Juneteenth — also known as Freedom Day, Jubilee Day, Liberation Day, and Emancipation Day — is a holiday celebrating the emancipation of those who had been enslaved in the United States.
Juneteenth, now an official state holiday in Virginia, commemorates the day in 1865 when enslaved Texans learned of the Emancipation Proclamation. As Governor Ralph Northam said in the Executive Order establishing June 19 as a permanent state holiday, Juneteenth “was a pivotal moment in American history when all enslaved black people finally learned that they were free people. It was a moment of celebration and joy. It was a moment when America finally took a step closer to its promise of freedom, equality, and justice for all.”
It is appropriate that Virginia celebrate Juneteenth because in 1619 it became the birthplace of representative democracy. As George Mason wrote many years later in the Virginia Declaration of Rights, at the heart of that democracy is the belief that “all men are by nature equally free and independent and have certain inherent rights, of which, when they enter into a state of society, they cannot, by any compact, deprive or divest their posterity; namely, the enjoyment of life and liberty, with the means of acquiring and possessing property, and pursuing and obtaining happiness and safety.” The values expressed by Mason were enshrined in the Declaration of Independence and then the United States Constitution which established a government of laws, not of men. That the people make those laws and that all are treated equally under them is the essence of what it means to live in America.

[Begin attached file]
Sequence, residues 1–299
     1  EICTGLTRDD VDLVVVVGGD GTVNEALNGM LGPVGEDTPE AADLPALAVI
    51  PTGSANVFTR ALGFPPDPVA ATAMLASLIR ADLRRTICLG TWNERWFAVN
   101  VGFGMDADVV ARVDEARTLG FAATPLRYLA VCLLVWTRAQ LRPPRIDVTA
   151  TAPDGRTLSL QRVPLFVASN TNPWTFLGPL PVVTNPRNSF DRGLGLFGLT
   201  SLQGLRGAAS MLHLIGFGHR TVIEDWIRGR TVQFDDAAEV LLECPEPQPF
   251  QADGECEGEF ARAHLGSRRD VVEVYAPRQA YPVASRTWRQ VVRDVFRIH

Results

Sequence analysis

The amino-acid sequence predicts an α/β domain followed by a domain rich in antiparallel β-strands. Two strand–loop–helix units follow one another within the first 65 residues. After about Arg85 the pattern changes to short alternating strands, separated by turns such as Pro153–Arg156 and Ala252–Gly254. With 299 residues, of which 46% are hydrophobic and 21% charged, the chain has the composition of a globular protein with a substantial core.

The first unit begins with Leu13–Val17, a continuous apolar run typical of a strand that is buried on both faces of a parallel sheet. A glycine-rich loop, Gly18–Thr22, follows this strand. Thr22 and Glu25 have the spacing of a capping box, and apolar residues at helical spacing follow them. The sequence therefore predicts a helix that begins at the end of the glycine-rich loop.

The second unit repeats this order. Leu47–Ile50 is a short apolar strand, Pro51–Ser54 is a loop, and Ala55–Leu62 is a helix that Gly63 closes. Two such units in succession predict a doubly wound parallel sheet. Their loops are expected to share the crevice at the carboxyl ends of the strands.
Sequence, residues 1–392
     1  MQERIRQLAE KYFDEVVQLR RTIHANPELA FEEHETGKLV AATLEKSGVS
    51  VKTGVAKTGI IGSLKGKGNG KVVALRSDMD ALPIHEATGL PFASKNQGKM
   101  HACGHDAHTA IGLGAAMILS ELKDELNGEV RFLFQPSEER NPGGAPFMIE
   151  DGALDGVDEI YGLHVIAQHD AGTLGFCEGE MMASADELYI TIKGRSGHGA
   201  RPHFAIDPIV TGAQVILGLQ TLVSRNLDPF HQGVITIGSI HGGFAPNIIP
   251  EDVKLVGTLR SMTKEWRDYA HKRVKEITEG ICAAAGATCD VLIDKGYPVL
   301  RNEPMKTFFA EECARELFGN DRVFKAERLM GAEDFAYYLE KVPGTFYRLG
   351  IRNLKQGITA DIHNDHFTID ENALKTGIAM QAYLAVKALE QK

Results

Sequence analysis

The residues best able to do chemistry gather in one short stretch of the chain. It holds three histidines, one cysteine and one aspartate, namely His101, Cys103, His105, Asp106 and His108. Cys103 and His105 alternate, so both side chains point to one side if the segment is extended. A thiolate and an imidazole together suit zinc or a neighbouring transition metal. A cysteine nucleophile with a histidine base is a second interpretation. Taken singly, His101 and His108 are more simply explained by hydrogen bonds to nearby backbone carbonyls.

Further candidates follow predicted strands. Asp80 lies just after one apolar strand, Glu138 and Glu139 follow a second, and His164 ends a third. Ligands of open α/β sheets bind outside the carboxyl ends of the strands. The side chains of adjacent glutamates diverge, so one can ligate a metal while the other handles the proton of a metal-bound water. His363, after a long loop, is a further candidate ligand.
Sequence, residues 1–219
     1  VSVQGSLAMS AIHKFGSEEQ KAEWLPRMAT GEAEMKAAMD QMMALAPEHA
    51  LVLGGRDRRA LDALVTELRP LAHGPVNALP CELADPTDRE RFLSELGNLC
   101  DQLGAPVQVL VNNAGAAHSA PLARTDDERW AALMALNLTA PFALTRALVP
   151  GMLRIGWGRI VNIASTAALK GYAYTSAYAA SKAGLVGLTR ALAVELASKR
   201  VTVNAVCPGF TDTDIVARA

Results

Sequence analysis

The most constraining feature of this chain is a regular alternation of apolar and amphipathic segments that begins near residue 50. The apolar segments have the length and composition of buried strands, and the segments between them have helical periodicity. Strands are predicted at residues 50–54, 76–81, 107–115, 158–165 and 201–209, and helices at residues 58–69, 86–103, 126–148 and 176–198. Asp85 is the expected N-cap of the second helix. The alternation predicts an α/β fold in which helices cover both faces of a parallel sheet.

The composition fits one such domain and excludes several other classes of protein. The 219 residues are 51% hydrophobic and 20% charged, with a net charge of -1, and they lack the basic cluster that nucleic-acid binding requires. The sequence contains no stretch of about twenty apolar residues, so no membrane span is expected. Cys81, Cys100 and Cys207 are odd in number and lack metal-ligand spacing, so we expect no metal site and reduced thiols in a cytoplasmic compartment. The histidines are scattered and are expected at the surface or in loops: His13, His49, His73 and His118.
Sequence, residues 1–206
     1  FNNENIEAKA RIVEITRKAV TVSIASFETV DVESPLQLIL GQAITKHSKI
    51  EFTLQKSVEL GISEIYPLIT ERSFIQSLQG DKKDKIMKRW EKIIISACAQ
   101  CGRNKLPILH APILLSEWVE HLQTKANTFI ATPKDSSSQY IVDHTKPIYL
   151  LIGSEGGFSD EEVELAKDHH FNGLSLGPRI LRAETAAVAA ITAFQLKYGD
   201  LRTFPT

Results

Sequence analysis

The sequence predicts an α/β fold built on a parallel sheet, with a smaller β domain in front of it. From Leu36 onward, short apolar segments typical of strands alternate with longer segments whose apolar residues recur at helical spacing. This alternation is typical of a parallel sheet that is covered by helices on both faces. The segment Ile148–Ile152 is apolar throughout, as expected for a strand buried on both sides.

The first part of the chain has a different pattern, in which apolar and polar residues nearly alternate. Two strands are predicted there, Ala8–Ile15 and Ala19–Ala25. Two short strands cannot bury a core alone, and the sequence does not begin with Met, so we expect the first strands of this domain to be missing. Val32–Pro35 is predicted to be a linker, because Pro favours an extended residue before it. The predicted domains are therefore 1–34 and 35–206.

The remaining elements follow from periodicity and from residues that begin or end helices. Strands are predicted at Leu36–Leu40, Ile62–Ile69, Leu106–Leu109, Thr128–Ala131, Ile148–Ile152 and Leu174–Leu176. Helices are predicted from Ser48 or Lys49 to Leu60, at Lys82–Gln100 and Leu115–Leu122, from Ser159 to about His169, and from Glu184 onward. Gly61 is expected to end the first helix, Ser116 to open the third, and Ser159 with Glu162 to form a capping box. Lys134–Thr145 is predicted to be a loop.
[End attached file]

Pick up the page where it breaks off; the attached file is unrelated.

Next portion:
For too long Virginia fell short of the ideals expressed in its Declaration of Rights, but we have come a long way. Our recognition of the importance of Juneteenth — which this year is marked by the closure of many statewide and county offices on Friday, June 18th — is another step in the right direction.